I know how to use the software, but don't understand why it works?
Can you explain why do you need to cast into <uint64_t> type?
*((uint64_t *)mxGetData(out)) = reinterpret_cast<uint64_t>(new class_handle<base>(ptr));

Kota Yamaguchi

Hello, I made a development kit for this design pattern, if anyone interested.

Oliver Woodford

Shawn: There's nothing special about that number. But, no, you don't need a different signature per class, as the code also records the name of the class (a second signature, if you like), and checks this against the expected name when casting back to a pointer. This means it would throw an error if you tried to cast a pointer of one class to a pointer of another.


Shawn Walker

I have a question about class_handle.hpp:

Regarding this line:


What is so special about that number? Could I make up anything, as long as it is consistent in the C++ code?

The reason I ask is if I have two separate C++ classes that are mex-ed and interfaced using your approach. It seems I should use a different signature for each C++ class, for safety's sake. Is this true?


Oliver Woodford

Shawn: The code is as intended. I wrote it that way with the intention that people would change the lower bound on number of inputs to suit their needs. You could have an upper bound too, but it's not vital, whereas a lower bound is.

Shawn Walker

This is a great submission.

However, one minor comment. This code is taken from your class_interface_mex.cpp file:

if (!strcmp("train", cmd)) {
// Check parameters
if (nlhs < 0 || nrhs < 2)
mexErrMsgTxt("Train: Unexpected arguments.");
// Call the method

Shouldn't it be:

if (nlhs > 0 || nrhs > 2)

because your "train" method does not need any inputs or outputs?

Oliver Woodford

Greg: Thanks for your input. Yes, the locking mechanism causes problems if you free an instance in a different mex file from that in which it was allocated. You can certainly remove the locking. However, as I stated in the associated newsgroup thread, I found that MATLAB crashes when I call "clear functions" if I don't use the file lock. As such, my advice is to keep the lock where possible, and design your software such that each instance is freed in the same mex file it is allocated in.


Very useful code!

Found some interesting behavior though.

From my observations, as far as the operating system is concerned, all mex-files that you call from a single instance of MATLAB share the same memory segmentation. That is, you can create a C++ object in one mex-file, pass the handle to that object back into MATLAB, then delete the object in a different mex-file. This seems to work just fine and is handy in the case where the code of one class creates instances of another class.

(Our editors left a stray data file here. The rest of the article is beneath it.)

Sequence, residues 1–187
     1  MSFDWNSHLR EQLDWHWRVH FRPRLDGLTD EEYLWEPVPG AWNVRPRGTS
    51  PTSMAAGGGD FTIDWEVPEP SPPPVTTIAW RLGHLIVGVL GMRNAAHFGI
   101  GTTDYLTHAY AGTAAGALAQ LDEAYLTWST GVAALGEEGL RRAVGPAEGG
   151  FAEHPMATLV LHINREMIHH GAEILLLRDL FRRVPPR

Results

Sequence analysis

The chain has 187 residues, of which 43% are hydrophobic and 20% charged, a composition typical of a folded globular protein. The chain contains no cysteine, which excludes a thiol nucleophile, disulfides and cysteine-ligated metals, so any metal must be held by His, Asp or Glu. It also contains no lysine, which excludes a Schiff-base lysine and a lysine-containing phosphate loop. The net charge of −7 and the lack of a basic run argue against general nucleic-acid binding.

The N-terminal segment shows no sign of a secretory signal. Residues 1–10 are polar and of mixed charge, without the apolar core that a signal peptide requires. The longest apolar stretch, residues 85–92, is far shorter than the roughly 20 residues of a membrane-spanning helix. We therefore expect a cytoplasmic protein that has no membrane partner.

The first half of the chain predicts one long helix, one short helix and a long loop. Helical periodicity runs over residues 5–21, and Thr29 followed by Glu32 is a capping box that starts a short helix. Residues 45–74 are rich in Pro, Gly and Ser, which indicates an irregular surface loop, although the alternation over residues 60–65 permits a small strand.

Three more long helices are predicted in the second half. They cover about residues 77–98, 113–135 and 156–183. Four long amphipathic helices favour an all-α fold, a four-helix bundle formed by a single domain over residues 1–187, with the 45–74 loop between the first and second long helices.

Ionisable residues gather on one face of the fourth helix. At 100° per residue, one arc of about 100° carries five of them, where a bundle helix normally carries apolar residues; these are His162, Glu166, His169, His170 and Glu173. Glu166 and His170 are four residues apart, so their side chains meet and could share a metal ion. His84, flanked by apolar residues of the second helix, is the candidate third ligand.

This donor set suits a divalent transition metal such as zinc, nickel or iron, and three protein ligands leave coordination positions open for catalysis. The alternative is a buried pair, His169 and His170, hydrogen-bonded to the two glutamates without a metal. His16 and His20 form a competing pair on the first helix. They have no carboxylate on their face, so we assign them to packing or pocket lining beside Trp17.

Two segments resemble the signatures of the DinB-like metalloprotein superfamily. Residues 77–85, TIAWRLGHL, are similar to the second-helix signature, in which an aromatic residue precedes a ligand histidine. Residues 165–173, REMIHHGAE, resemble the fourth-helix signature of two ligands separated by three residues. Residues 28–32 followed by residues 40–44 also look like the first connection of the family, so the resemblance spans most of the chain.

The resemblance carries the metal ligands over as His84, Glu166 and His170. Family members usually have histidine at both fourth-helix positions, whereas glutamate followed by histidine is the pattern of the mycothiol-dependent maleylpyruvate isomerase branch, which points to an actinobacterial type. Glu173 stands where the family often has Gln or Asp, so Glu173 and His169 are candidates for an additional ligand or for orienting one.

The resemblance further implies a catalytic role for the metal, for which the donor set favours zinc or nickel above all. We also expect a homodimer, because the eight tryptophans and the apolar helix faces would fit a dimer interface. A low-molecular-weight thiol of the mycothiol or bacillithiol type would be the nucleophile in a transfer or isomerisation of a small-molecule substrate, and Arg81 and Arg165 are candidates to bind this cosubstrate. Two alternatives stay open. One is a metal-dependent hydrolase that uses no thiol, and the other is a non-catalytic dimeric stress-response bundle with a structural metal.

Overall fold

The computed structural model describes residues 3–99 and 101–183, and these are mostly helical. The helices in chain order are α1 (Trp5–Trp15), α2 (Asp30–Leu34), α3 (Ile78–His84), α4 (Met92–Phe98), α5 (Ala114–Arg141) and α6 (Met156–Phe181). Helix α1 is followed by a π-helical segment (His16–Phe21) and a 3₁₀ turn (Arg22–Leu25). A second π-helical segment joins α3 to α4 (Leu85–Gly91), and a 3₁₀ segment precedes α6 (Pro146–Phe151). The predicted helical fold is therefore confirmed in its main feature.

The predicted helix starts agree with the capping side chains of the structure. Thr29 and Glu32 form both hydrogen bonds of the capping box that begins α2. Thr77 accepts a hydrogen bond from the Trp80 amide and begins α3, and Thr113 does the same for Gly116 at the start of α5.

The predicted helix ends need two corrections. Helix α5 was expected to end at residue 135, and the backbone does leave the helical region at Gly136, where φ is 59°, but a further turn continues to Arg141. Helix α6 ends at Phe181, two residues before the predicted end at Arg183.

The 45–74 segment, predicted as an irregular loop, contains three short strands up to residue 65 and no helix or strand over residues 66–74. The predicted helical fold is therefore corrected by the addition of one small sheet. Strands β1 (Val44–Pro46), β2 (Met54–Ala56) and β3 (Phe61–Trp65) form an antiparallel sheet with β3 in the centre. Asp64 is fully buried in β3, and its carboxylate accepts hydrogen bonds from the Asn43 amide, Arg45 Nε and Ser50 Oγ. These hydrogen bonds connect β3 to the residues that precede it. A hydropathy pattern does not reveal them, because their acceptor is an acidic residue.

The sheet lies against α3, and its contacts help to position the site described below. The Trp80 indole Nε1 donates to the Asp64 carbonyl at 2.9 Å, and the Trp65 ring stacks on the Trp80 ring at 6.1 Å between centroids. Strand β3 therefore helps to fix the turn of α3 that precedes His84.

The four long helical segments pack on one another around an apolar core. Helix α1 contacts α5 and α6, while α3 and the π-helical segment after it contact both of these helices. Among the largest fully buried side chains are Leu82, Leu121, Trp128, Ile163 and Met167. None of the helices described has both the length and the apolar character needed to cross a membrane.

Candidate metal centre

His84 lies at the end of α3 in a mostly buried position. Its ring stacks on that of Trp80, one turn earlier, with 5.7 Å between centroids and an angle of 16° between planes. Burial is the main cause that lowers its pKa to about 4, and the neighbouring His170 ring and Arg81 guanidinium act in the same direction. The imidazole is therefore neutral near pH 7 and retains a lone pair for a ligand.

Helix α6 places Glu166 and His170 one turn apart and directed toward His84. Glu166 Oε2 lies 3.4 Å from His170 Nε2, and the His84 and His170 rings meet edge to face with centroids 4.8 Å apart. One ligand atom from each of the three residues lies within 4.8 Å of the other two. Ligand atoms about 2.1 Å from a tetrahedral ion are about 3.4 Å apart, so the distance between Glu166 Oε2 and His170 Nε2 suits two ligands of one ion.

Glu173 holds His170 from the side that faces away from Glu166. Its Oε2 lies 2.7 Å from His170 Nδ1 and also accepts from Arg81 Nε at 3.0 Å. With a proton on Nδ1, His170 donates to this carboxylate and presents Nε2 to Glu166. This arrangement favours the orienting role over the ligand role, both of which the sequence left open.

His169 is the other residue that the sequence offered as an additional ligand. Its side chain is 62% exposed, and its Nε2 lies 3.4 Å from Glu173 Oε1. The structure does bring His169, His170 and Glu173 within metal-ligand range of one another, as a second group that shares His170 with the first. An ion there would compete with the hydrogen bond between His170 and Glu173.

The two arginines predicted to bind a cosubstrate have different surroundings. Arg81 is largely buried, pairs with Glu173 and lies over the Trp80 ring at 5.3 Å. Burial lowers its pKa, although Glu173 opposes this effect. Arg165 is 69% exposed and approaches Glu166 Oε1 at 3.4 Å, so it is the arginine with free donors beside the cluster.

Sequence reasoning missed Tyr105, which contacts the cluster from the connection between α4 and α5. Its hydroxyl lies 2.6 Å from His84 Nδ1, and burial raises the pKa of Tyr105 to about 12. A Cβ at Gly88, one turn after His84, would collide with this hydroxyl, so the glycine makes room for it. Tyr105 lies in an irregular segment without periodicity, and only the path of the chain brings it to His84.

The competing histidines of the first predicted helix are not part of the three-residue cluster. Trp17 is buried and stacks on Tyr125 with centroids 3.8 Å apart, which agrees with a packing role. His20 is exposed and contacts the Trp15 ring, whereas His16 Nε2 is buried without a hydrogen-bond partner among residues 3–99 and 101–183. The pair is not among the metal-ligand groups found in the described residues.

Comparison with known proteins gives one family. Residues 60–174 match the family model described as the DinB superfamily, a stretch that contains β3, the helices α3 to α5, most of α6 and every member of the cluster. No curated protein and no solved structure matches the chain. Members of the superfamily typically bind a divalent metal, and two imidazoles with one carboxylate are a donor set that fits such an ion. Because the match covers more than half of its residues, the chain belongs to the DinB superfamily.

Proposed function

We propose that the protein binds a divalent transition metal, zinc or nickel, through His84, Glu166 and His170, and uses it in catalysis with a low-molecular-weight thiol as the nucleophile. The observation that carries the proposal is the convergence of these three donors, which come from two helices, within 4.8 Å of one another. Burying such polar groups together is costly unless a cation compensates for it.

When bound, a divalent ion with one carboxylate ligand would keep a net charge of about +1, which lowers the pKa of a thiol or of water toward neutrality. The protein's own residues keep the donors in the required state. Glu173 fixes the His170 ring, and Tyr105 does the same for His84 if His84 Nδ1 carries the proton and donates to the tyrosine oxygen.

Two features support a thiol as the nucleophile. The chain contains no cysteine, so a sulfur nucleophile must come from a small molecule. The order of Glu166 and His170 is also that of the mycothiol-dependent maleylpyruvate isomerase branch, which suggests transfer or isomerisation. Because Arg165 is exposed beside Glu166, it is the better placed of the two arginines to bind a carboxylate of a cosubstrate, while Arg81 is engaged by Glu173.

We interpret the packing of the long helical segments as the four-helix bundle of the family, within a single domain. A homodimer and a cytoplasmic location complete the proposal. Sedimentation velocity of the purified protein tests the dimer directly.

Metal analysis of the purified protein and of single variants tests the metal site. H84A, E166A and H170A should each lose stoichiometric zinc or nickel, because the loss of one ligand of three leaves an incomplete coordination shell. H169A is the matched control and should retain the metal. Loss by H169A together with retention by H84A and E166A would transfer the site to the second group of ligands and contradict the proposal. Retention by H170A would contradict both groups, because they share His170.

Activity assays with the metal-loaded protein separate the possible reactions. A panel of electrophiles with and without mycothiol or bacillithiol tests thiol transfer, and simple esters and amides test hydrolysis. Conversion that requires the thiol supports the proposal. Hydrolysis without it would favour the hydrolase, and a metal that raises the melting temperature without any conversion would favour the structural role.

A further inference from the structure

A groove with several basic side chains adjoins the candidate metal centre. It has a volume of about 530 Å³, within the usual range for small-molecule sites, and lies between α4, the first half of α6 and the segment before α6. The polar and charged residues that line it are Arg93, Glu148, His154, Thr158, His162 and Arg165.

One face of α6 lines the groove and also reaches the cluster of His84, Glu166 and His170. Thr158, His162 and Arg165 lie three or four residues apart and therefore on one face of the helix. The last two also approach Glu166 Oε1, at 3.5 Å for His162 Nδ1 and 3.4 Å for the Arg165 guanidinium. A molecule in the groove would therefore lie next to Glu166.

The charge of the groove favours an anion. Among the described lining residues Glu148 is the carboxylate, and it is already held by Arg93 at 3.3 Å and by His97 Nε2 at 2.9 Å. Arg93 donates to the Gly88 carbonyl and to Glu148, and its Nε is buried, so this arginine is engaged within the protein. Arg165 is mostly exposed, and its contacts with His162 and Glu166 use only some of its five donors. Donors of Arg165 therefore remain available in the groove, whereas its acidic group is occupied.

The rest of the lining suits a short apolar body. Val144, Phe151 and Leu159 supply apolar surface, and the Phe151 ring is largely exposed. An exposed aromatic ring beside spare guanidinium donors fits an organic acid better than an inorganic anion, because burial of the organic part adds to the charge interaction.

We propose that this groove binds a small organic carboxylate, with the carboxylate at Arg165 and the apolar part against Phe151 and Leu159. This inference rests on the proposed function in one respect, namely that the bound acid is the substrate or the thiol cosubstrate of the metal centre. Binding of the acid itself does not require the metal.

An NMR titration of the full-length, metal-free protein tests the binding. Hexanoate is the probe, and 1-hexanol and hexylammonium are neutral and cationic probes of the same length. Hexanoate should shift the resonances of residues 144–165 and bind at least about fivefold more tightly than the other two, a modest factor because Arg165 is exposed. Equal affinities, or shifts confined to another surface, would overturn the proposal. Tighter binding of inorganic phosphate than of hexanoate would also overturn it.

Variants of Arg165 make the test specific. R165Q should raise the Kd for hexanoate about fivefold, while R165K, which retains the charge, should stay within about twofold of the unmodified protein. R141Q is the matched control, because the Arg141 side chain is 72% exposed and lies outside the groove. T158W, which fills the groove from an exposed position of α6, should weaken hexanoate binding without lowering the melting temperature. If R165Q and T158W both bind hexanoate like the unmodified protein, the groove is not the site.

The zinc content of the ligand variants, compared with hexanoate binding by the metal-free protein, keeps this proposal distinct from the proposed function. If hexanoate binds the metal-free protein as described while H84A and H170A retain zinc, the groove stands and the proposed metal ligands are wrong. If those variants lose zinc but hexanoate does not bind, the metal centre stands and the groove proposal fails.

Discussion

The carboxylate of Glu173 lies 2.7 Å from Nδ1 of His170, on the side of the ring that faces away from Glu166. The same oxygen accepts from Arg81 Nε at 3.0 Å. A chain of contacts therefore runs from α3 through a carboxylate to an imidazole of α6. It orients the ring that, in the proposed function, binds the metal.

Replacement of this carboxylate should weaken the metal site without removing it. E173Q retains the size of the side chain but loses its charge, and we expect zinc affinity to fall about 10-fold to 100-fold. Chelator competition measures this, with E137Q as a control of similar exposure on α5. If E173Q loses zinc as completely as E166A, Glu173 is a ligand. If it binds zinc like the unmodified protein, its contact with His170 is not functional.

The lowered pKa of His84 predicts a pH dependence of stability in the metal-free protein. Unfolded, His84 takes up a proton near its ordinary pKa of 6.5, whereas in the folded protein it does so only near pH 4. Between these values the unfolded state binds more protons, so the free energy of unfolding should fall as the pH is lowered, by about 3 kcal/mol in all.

This gets funky with the calls to mexLock() and mexUnlock() though. mexLock and mexUnlock are automatically keyed to the currently-running mex-file. So, if an object of Class_B is created inside Class_A_mex and convertPtr2Mat is called to pass that pointer back to MATLAB, you've just added an extra lock to Class_A_mex that won't be unlocked when Class_A is deleted. The Class_B_mex delete method seems to delete the Class_B object just fine, but it doesn't know anything about the mexLock on Class_A_mex.

For the moment, I've created a workaround by creating a "convertPtr2MatLockless" function in "class_handle.hpp" that's an exact copy of "convertPtr2Mat" except that it doesn't call mexLock(). I call the "Lockless" version whenever creating an object of a different class than the one the mex file is for.

I'm not all that happy with that workaround, but I don't really know how important the mexLock() is. At the very least, it doesn't appear to be necessary to keep the C++ delete methods from causing segfaults.


Oliver Woodford

Bin: Those members provide a means of checking that you are not casting a random memory address to a pointer to an instance of the base class. Doing that could lead to some bad things happening, so it is a protection against that.


Can you explain to me what the reason for using class_handle with signature_m and name_m? What if we don't use those two members and just use the base class directly?

thank you very much.

Paul Dugas

How about moving the SIGNATURE into the template parameters?

template<class base, uint32_t SIGNATURE> ...

This would allow it to be changed for different derivations.


Ander Biguri

Oliver Woodford

Szigeti: your compile error is not related to this submission.

Fernando: the error you get seems self explanatory. You need to make sure class_handle.hpp, which comes with this submission, is in the same folder as the cpp file being compiled.